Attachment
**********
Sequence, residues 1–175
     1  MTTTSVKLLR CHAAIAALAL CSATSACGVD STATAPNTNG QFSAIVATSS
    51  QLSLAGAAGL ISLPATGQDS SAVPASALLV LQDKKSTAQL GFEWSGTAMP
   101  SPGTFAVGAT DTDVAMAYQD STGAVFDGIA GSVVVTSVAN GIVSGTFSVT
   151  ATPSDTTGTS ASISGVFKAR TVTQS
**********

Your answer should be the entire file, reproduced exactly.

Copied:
Sequence, residues 1–175
     1  MTTTSVKLLR CHAAIAALAL CSATSACGVD STATAPNTNG QFSAIVATSS
    51  QLSLAGAAGL ISLPATGQDS SAVPASALLV LQDKKSTAQL GFEWSGTAMP
   101  SPGTFAVGAT DTDVAMAYQD STGAVFDGIA GSVVVTSVAN GIVSGTFSVT
   151  ATPSDTTGTS ASISGVFKAR TVTQS